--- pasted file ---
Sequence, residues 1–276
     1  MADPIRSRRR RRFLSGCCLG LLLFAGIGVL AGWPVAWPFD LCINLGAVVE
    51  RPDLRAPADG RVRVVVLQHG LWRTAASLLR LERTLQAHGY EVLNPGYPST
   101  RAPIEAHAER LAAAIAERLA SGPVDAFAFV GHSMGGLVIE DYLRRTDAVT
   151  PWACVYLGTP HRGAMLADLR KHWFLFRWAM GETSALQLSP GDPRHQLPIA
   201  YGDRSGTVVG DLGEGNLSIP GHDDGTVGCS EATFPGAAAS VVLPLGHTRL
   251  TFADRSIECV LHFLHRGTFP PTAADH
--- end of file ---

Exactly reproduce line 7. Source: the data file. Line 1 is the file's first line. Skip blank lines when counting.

   251  TFADRSIECV LHFLHRGTFP PTAADH